On Doug's first day working at the deli, Mr. Spicer gives him a packed wagon and a map with the houses of the customers marked on it. Doug has a difficult time matching the hand-drawn letters on the map to the letters on the street signs. He must ask passersby how to get to some of the locations. Before the morning is done, he delivers two more wagon-loads of goods. His last trip is to the home of Mrs. Windermere, who Lil has intimated is quite a difficult character.
The Windemere residence is "the biggest house [Doug has] ever seen." He hears typing coming from within. He rings and knocks several times before the typing stops and a woman with a cloud of white hair comes to the door. Mrs. Windemere, a writer, is clearly annoyed at being disturbed while she is working. She tells Doug impatiently to let himself in by the back way and to put the groceries away in the kitchen.
When he has dispatched the order as directed, Doug remembers that he is supposed to collect payment. With much fear, he approaches Mrs. Windemere again. The exasperated woman gives him the money and dismisses him, but on the way out, Doug gets lost in the labyrinthine, book-filled house. He finds himself in a room at the end of a short hall. The room is tastefully decorated, and over the fireplace, there is a picture of birds, which Doug instinctively recognizes as having been rendered by John James Audubon. In this depiction, a mother bird looks into the distance, while a little bird sits uncertainly by her feet.
Doug goes to the library after work and finds that someone has left sheets of drawing paper and some colored pencils on the display case of The Arctic Tern. Doug does not touch the materials, however, since he "[doesn't] draw." At supper that night, Doug's father asks if he got paid and...
(The entire section is 787 words.)
Chapter 3 Summary
Doug goes to the library every Saturday to practice drawing with Mr. Powell. For his first lesson, he is guided to examine Audubon's rendering of The Arctic Tern, and he tries to reproduce it. Doug shows a natural affinity for composition, and he is gratified when Mr. Powell addresses him as "young artist."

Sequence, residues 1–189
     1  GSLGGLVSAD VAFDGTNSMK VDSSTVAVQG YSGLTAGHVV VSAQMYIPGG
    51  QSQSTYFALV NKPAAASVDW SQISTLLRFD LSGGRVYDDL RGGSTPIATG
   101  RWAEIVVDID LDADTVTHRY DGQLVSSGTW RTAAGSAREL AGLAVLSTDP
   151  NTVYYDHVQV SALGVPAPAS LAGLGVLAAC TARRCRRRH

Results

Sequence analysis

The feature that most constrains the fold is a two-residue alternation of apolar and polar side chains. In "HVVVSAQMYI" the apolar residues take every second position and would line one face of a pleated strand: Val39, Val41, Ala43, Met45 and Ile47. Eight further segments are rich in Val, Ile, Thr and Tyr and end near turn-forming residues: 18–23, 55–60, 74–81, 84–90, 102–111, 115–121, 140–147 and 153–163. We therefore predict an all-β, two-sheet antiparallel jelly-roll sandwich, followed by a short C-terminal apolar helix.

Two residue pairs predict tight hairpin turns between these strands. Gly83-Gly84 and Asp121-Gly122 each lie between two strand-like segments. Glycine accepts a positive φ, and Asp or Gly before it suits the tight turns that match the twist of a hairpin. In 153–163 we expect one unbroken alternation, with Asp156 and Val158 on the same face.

On the first Monday of September, Doug goes with his mother to a "Get-Acquainted" event for all new students at Washington Irving Junior High School. Doug is the only eighth-grader who is a newcomer. He is sent with a group of seventh-graders to a classroom to listen to a presentation by Principal Peattie, a pompous man with the irritating habit of speaking of himself in the third person. The principal goes over a seemingly endless list of rules with the students, and Doug arouses his ire when he mouths-off and refuses to read aloud the next rule on a long, mimeographed list. The evening is not a total loss, however. When the ordeal at the junior high school is over, Doug takes his mother out for ice cream and pays for it himself from the tips he has managed to keep from his father.
When Doug returns to the library again, he finds that The Arctic Tern is gone. In its place is a work titled The Large-Billed Puffins, which he does not like nearly as much. Doug can see that the page that held the first drawing has actually been cut out of the book, but Mr. Powell evades his queries as to the work's fate and encourages him to continue working on his own reproduction of The Arctic Tern from memory.
Later that night, Doug's brother comes home and harasses him about all the time he spends at the library. He scornfully accuses Doug of not being able to read. Doug is angry at first, but then finds himself inexplicably thinking wistfully about The Arctic Tern and its desperate fall, and Lucas, far away in Vietnam. After his brother falls asleep, Doug takes out his drawing of the bird. By the dim glow of a flashlight, he tries to get the wing he is laboring over just right. He works on the picture for most of the night. In the morning, when the police come to the door looking for his brother because they suspect him in the overnight robbery at Spicer's Deli, Doug can say with certainty that his brother did not do it.
The police are convinced that Doug's brother is the culprit, but as they have no evidence, they cannot arrest him. Doug's father comes home with...
(The entire section is 811 words.)
Chapter 4 Summary
As Doug continues to progress with his drawing lessons under Mr. Powell, he begins to actually think of himself as an artist. To his delight, Lil, with characteristic honesty, affirms his new self-concept. At school, the teachers ignore Doug for the most part, except in science, where he earns Mr. Ferris's approval on a science project he completes in conjunction with Lil. All in all, Doug is proud that he is managing to stay out of trouble; he even escapes the detection of Coach Reed when he surreptitiously switches from the skins to the shirts team in basketball.
On the last Saturday in October, Doug discovers that The Large-Billed Puffins, like The Arctic Tern, is gone. It is replaced by The Black-Backed Gull, a heartbreaking representation of a bird with a broken wing and blood streaming from its breast, in the throes of death. It is the most horrible picture that Doug has ever seen, and he cannot stop looking at it. That same day, Mr. Powell is finally forced to answer Doug's constant queries as to the fate of the first two prints in the Audubon book. He admits that they are being sold piecemeal, because the Town Council of Marysville needs the money.